Preparation of sciatic nerve homogenates and Western blot analysis. Sciatic nerves were removed and immediately snap-frozen in liquid nitrogen until processing. Nerves were homogenized in 200 μl of 8 m urea and cleared from debris at 10,000 × g for 5 min, and protein concentration of the supernatant was determined (Bio-Rad protein assay, Bio-Rad, Richmond, CA). Ten micrograms of protein in sample buffer were separated on a 12.5% SDS-PAGE gel, and the proteins were transferred onto a nitrocellulose membrane (Schleicher & Schuell) using a semi-dry blotting apparatus (Trans-Blot SD semi-dry transfer cell; Bio-Rad). Transfer efficiency was controlled by Ponceau-S staining of the membrane and by Coomassie brilliant blue staining of the gel. Membranes were blocked in 2% skimmed milk powder in PBS. Antibodies directed against PMP22 (Susi 4) (Pareek et al., 1993) or directed against the myelin protein P0 (P0raba; gift from Dr. M. Filbin, Hunter College, NY, NY) were both applied at a dilution of 1:1000 at 4°C for 16 hr. Secondary antibodies (horse radish peroxidase-coupled polyclonal goat anti-rabbit antisera; Sigma, St. Louis, MO) at a dilution of 1:5000 were applied for 1–2 hr at room temperature after fourfold washing of the membrane with PBS/0.2% Tween 20. After repeated washing to remove excess secondary antibodies, detection of the immunoreactive products was performed by visualization of chemiluminescence (ECL Western blot detection reagents; Amersham, Arlington Heights, IL) on x-ray films (Fuji, Stamford, CT).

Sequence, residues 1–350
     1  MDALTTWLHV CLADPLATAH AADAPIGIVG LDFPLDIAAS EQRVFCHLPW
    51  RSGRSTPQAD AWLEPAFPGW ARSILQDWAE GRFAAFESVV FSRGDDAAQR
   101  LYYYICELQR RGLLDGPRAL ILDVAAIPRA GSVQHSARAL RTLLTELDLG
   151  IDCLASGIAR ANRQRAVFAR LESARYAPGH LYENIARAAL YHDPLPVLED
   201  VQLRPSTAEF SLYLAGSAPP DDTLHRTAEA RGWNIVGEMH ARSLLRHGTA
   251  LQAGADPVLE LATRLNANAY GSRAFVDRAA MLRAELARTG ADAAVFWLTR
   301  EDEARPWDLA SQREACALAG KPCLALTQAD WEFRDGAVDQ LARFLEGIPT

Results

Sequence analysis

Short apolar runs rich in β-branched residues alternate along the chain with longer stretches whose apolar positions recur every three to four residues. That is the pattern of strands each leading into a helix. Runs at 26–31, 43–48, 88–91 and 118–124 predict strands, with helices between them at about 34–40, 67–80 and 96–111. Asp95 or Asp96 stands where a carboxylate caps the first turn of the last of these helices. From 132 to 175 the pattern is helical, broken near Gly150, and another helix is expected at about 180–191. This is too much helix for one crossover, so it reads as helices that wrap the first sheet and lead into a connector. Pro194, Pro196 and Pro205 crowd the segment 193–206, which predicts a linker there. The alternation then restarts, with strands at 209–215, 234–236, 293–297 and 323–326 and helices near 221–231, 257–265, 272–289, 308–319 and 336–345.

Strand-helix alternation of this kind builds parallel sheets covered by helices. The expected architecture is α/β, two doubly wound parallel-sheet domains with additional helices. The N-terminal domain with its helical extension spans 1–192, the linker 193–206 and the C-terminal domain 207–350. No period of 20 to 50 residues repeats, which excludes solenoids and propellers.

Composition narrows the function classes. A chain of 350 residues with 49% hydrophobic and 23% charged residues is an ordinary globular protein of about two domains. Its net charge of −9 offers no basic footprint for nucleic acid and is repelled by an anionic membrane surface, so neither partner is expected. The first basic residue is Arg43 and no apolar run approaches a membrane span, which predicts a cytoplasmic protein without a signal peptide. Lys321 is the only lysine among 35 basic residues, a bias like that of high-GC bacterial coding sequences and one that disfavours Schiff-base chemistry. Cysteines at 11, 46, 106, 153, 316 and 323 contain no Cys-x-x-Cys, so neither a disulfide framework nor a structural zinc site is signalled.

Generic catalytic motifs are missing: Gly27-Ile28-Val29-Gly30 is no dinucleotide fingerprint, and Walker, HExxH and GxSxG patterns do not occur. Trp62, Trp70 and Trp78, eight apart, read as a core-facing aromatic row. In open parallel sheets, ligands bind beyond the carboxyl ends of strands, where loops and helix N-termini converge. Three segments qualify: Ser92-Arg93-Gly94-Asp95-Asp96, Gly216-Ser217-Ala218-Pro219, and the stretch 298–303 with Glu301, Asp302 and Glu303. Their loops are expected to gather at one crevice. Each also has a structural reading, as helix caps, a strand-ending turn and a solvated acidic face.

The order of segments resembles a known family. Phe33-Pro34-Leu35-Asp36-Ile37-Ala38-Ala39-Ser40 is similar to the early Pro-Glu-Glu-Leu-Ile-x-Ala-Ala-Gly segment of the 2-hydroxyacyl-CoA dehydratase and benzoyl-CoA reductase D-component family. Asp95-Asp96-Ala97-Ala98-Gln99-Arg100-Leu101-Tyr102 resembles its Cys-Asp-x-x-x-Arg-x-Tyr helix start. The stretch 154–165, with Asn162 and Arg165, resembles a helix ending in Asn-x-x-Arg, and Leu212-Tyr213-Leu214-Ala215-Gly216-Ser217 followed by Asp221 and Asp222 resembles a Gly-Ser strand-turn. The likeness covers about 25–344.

Light microscopic analysis. Six micrometer frozen sections from the quadriceps muscle were stained by NADH tetrazolium reductase histochemistry according to standard protocols and analyzed and photographed on an Axiophot microscope. Ten micrometer cross-cryosections of the sciatic nerves of 8-, 21-, and 70-d-old wild-type and PMP22-transgenic mice were stained with 4′,6-diamidine-2′-phenylindole dihydrochloride (DAPI) (Boehringer Mannheim, Mannheim, Germany) according to the manufacturer’s recommendations. Photographic slides were analyzed using a Power Macintosh 6100/60 computer using the National Institutes of Health Image program (see above). For semithin sections, nerves embedded as for electron microscopy were cut in 2 μm sections and stained with alkaline toluidine blue.
Immunohistology. The localization of low-affinity NGF receptor (LNGFR), N-CAM, L1, and glial fibrillary acidic protein (GFAP) was carried out by indirect immunofluorescence on fresh-frozen sections of femoral quadriceps nerves as described (Giese et al., 1992;Montag et al., 1994).
Proliferation analysis. Mice were injected with 5-bromo-2′-deoxyuridine (BrdU) intraperitoneally (50 mg/kg in PBS) at various time points (21 and 70 d after birth). The animals were killed with an overdose of Nembutal (Abbott Laboratories, North Chicago, IL) 18 hr after the administration of the nucleotide analog that allows for immunocytochemical detection of proliferating cells after incorporation into replicating DNA (Gratzner, 1982). Sciatic nerves were fixed in situ for 20 min, postfixed in 4% paraformaldehyde (PFA) in PBS, and embedded in paraffin. BrdU immunocytochemistry was carried out using a monoclonal, biotinylated antibody (1:50; Caltag, San Francisco, CA).
Tissue preservation and electron microscopy. Electron microscopy of sciatic nerves of transcardially perfused experimental and control mice (2% PFA and 2% glutaraldehyde in 0.1 mcacodylate buffer) was performed according to Adlkofer et al. (1995).